In keeping with Dee’s column a few weeks ago. May is National Mental Health Awareness month!
I don’t know about you but being cooped up during COVID and during a tumultuous election year, with a BIG LIE and followed by an insurrection really left me an emotional wreck. I was stuck to the news channels and to social media A LOT!
Hey I work in the news biz but even I know that every once in a while you need to pull the plug. Shut off social media. Turn off the TV. Unplug from technology and take some time to be outdoors, meditate or read a book. We all need to look inward every once in a while. We need “ME” time to recharge and rejuvenate.
It’s okay to take a break. It’s okay to let a call go to voicemail. It’s okay to be lazy for a day. It’s okay to not be in work mode 24/7/365. It’s okay to care for yourself in the same way you do for others. Your body and mind need to be still sometimes.
I’ve been a non-stop caregiver for more than a year and at times it was hard to find the right balance between caring for my parents, working remotely and finding some down time. Add to that CDC suggestions (that are now currently changing as frequently as people should change their undergarment WHICH SHOULD BE OFTEN) and social distancing rules for the past year, it is understandable to be a bit off-mood.
Little by little I’ve found out how to carve out some time for myself on a daily basis. Take the dogs for a walk. Take a power nap right after lunch. There are ways to slow down, make time to do the things you enjoy and still be productive at work and at home.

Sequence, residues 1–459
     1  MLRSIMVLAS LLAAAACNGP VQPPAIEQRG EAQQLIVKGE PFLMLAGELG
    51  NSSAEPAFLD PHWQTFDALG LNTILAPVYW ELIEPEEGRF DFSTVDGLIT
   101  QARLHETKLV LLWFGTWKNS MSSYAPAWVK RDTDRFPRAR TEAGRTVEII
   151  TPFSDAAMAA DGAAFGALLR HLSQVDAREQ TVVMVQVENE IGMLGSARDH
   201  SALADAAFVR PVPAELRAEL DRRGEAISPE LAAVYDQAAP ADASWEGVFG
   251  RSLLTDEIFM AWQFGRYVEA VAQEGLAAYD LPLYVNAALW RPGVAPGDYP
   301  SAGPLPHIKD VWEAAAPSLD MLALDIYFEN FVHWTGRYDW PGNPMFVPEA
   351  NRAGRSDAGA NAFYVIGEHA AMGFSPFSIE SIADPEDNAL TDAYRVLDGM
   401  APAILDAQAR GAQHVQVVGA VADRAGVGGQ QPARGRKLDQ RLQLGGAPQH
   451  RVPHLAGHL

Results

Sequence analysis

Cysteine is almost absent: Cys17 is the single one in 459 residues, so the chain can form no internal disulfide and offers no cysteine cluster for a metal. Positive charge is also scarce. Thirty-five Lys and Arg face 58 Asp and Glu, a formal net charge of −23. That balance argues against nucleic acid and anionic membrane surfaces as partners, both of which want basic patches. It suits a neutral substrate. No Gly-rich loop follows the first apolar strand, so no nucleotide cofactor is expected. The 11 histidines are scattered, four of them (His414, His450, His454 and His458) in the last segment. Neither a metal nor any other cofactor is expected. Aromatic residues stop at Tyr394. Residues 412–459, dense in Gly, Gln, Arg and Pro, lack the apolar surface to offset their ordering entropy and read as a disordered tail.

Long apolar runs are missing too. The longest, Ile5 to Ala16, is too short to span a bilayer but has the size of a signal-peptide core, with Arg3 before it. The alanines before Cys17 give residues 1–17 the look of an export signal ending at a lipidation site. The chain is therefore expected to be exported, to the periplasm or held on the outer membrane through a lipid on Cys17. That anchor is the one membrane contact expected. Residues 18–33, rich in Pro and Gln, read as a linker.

This past Friday afternoon, I dusted off my bicycle, filled the tires with air and pedaled down the road. I think it was the first time in about three years that I rode my bike, a hobby I used to enjoy much more frequently. I rode down the street, headed down a slight incline and around the block and was making my way back home after a 20 minute ride. Granted I nearly died as I tried to pedal back up the incline (mini-hill that felt like a mountain) toward my house. I shifted gears and pedaled away until I nearly passed out.
Saturday morning my legs were sore and my quads were burning. I pulled out the lawnmower and pushed that sucker across
the yard. My front yard has a steep incline and between the bike ride and the lawn cutting I thought my legs were going to fall off. Giving my legs a rest, I spent most of Sunday giving my arms a workout by getting Mom’s garden replanted, cleaning the bunny cage and raking up the last of the leaves in the yard.
The common denominator in all these activities is that I was disconnected from the World Wide Web, the news, political drama and a barrage of stressful information. The information superhighway is great, but being disconnected and diving into hobbies that help you re-connect to yourself and your soul is just as important.
It’s great to watch the news and be informed, but you shouldn’t be glued to the TV, Facebook, or You Tube every second of every minute of every day. Take it from someone who actually works in the media industry, every now and then you need to switch the channel!
If you are going to watch TV, check out a comedy show every now and again. Watch a game show and challenge your brain cells.
Also pick your “ME” time and stick with it. For example it is rare for me to answer my cell phone on a Sunday even if it’s in my pocket. Sunday is 100 percent for me!
Don’t bother calling my cell or my house between 8-10 p.m. on weekdays (unless it is an emergency, of course) because that is movie time with Mom.
If you call me before 8 a.m. on weekdays or 10 a.m. on weekends, it will likely go to voice mail because I am either still sleeping or out walking my dogs.
Take little steps each day to give yourself a mental health boost by doing what you love. It will enhance your mood and spirit.
Patty Leon is Managing Editor of the Coastal Courier